Right diet changes helped me, it took me 13 years to figure out which diet and supplements are useful. No help from conventional medicine, I had to find and try it all by myself. And these changes on their own is not enough to beat this illness. It only helps to maintain slightly better life standard at the moment. This does not mean I didn't have major downs while I'm gluten and dairy free.

    This is a lonely place. Conventional medicine and the media against you. Most of the family and friends are not with you. Alternative medicine is very large and difficult to sift through. It's hard and one is already drained so much. Especially when you hear news like this feels lonelier and harder.
     
  9. Melanie

    Melanie Senior Member (Voting Rights)

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    I went Gluten, dairy, caffeine, and wheat free for over a year to no avail. I did have a Celiac disease test and it was negative. If one feels better or less bloated, that's great but unfortunately for me, nothing ever worked. I juiced too. ugh
     
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  10. Peter Trewhitt

    Peter Trewhitt Senior Member (Voting Rights)

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    Over twenty years ago I went into complete remission following a period of a raw food, organic vegan diet, with lots and lots of supplements under a nutritionalist. However it is impossible to say whether this was a causal factor or coincidental to a spontaneous remission. Also I was trying lots of other things at the same time, including going half time at work. In retrospect I suspect the diet helped ease the symptoms and that my remission was spontaneous perhaps helped by dramatically reducing what I was trying to do, however I could quite easily have taken on board my nutritionalist's evangelical beliefs that diet is the answer to everything.

    After a couple of years I had a major relapse linked with a bad dose of flue. Subsequently I have had repeated relapses and remissions, with each relapse worse than the previous and each remission not achieving as much recovery. Also I have since discovered a gluten intolerance whilst trying an exclusion diet, and have subsequently developed intolerances to caffein and alcohol.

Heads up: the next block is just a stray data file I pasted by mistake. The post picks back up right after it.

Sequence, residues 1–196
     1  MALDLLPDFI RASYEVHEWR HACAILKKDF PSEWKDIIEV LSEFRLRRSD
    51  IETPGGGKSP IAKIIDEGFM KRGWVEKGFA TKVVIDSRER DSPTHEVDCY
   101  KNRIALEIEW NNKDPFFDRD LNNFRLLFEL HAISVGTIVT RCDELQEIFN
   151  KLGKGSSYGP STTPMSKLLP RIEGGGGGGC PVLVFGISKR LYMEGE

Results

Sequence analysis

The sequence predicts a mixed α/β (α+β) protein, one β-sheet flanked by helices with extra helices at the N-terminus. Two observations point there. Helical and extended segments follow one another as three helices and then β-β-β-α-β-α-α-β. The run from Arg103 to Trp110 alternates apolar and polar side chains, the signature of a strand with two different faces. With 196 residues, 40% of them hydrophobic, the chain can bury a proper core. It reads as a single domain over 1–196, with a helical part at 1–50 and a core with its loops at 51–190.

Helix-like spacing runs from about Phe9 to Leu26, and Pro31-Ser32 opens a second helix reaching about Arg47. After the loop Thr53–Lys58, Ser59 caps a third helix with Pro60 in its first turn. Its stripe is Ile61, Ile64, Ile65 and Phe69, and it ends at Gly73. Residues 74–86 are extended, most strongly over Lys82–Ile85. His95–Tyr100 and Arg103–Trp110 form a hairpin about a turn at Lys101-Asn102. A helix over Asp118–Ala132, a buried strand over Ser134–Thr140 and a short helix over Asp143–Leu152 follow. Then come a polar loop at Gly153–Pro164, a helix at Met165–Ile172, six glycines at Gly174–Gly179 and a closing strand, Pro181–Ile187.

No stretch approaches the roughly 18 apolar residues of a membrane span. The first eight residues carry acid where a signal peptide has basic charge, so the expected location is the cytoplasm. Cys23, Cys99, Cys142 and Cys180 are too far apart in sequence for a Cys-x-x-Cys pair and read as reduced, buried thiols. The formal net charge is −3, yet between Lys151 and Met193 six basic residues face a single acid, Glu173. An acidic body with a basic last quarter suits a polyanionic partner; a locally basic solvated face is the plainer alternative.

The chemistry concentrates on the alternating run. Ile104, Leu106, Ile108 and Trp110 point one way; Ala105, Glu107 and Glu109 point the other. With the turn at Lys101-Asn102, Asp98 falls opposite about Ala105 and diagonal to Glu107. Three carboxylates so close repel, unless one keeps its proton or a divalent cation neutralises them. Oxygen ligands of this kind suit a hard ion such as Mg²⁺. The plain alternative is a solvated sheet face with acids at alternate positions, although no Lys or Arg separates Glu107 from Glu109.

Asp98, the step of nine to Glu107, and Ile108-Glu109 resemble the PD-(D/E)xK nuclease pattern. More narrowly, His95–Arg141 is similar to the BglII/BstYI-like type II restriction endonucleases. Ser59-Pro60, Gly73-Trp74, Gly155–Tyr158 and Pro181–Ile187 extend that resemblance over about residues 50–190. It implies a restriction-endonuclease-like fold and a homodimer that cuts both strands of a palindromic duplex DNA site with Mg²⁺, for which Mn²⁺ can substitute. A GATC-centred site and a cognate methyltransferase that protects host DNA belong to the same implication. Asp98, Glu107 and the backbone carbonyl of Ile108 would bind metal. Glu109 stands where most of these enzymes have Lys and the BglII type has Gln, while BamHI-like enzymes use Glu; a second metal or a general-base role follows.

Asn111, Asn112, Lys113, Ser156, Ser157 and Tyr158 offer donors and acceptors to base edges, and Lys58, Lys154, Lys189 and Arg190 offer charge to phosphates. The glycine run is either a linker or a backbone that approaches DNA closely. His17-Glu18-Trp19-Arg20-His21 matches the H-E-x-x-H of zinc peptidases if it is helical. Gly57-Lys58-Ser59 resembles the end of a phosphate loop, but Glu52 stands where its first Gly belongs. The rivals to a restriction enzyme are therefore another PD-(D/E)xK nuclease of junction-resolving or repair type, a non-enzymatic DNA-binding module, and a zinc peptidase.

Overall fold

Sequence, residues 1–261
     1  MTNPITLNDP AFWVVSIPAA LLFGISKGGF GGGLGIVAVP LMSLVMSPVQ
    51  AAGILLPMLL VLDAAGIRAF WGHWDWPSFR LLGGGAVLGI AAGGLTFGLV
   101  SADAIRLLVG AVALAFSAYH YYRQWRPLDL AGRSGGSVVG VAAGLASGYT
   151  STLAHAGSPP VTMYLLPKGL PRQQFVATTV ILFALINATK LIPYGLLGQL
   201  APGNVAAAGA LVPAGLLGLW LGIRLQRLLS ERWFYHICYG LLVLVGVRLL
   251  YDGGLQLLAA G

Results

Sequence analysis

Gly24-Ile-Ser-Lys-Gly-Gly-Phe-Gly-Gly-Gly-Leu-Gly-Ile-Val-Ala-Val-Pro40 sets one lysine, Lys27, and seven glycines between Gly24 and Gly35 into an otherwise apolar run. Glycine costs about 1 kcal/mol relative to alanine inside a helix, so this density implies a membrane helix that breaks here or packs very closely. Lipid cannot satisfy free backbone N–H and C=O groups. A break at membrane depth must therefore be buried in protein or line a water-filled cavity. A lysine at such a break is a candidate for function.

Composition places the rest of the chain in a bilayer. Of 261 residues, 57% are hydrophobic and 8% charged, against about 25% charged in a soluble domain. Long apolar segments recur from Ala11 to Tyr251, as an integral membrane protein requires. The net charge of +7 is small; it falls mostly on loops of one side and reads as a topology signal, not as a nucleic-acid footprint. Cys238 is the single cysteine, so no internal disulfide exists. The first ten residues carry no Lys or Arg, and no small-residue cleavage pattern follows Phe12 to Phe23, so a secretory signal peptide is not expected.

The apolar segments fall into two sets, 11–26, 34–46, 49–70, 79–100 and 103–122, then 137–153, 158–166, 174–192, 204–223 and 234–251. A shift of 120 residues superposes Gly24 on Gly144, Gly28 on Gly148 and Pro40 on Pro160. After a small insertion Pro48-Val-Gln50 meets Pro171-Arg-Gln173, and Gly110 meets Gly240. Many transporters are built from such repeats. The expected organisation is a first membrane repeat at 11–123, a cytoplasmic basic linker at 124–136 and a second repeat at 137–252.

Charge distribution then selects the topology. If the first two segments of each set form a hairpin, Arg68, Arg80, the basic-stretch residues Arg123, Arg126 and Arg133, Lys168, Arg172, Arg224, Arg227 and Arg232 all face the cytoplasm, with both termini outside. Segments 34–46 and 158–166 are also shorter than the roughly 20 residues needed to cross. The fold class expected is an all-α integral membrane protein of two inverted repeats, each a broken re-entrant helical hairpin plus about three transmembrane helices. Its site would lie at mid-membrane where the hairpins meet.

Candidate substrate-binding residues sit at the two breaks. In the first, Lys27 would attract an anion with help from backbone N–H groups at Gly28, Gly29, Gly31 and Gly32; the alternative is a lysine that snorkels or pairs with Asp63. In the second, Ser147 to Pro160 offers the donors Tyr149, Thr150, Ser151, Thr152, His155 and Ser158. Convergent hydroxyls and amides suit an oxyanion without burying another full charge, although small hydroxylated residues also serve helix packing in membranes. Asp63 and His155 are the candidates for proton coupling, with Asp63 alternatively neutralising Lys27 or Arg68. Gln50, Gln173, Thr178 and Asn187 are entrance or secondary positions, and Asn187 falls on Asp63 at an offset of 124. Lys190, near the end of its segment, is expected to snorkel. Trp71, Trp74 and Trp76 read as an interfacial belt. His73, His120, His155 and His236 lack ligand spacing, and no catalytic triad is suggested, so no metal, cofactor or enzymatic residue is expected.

Diet now helps my moderate symptoms, but does not seem to reverse the underlying course of the condition.

    Relying on a one off personal experience is always open to misinterpretation, especially as spontaneous remission can not be ruled out, and as others say misdiagnosis and the issue of food intolerances and allergies can not be excluded, and also we do not understand how the food intolerances commonly associated with ME actually relate to the ME. For example I now have no objective way of establishing if my gluten intolerance predates my ME or is a consequence/symptom of the ME.

    (Sorry this is a bit rambling, have done too much the last few days and not organising my thoughts well.)
     
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  11. TiredSam

    TiredSam Moderator Staff Member

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    Call me a cynic but the first thing I look for now in articles like this is "what are they selling?" Nice publicity for Yorktest this time. Apart from that another n=1 story, all kinds of stuff thrown together (rather than decently researched) by the journalist, including this:

    Fills column inches I suppose.
     
  12. Melanie

    Melanie Senior Member (Voting Rights)